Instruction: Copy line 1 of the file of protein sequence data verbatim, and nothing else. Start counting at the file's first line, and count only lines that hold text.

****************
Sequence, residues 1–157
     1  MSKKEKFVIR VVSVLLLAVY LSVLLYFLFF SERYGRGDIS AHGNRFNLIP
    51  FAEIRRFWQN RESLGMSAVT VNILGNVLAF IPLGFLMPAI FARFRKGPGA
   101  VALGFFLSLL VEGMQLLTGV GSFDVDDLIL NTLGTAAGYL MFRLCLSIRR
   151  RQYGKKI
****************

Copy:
Sequence, residues 1–157